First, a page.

One has to keep in mind that because of the large spread in absolute magnitude of main-sequence stars, very different space volumes are covered by our magnitude-limited sample. While A-type stars are almost completely covered by the BSC up to a distance of pc, K-types stars are only listed in the BSC if they are within a few pc from the Sun. This selection effect obviously introduces a strong bias to any derived X-ray luminosity function.
About 1 percent of the sky was not included in the original RASS, and we list in Table 1 those stars with less than 50 s exposure time. Note that the stars HR 813 ( Cet), HR 997, HR 5234, HR 5325, and HR 5568 were detected in the pointed survey repair observations and are included in Table 2.
The procedure whereby the positions of RASS sources were matched with the stars of our input sample has been extensively described in HSV98. Here, we only report that we have accepted sources with a likelihood greater than 7 within 90 arcsec distance from the input stars. The choice of this cut-off radius is justified by means of a Monte Carlo simulation of 10000 random positions, i.e., approximately the same number as our BSC input catalog; see HSV98 for details. That means, at 90 arcseconds offset between optical and X-ray position the probability that the X-ray source can be attributed to the star (and not to a background object) is 50%. This differential probability increases very rapidly for smaller values of positional offset (see Fig. 2 in HSV98).
For about 400 X-ray sources extracted in this way and not included in the Bright Source Catalogue (Voges et al. 1996b), we checked the X-ray images by eye for reality. Specifically, we rejected photon distributions that are significantly contaminated by nearby strong sources or that are obviously extended. In questionable cases, we ran the standard source detection algorithm of EXSAS on the source images in different passbands and decided on the basis of the results which sources to retain in our final catalog.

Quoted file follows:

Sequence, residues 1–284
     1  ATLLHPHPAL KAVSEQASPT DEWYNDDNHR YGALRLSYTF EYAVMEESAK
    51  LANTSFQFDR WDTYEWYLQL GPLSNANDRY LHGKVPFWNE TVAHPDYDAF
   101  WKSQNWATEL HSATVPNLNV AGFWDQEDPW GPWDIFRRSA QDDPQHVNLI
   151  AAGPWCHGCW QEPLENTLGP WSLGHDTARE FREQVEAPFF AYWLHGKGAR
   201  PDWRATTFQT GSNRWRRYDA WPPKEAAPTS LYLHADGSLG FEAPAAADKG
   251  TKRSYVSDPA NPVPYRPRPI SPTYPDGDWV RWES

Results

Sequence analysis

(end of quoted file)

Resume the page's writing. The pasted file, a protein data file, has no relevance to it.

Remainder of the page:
Confining now attention to the 3054 BSC positions identified with late-type main-sequence stars and subgiant stars, we detected X-ray emission from 980 stars, i.e., the average detection rate is 32%. Since the total search area around these 3054 stars is 0.0145% of the sphere, and the total number of RASS sources amounts to 150000, we would expect 21.8 chance coincidences of late-type main-sequence stars or subgiants with background (or foreground) X-ray sources (i.e., 2.2% of our detected sources).
The procedure of determining X-ray fluxes has also been
described in HSV98. In this paper, we followed the same
procedure, except using a slightly different formula
for the calculation of individual energy-conversion factors
Since the SASS source detection was separately performed in both
passbands, and since most of our X-ray sources were detected in both
bands, the hardness ratios can be estimated for many stars, although
in some cases with quite substantial errors. In a few cases, when the
sources were not detected in either the soft or the hard passband,
we set hr = +1.0 or -1.0 by definition, respectively.
We refrain from estimating individual errors for since the error in ECF is very difficult to quantify. In general,
we estimate this error to be within a factor of two for the weaker
sources and less for the brighter sources.
The X-ray luminosities are calculated using the recently available
Hipparcos parallaxes. We only accepted those parallaxes which
exceed their corresponding error by at least a factor of 3.
Fortunately, this is the case for almost all of the input stars.
Where this criterion is not fulfilled, the distance and X-ray
luminosity column entries in Table 2 are left open.
The X-ray luminosities are then calculated by the relation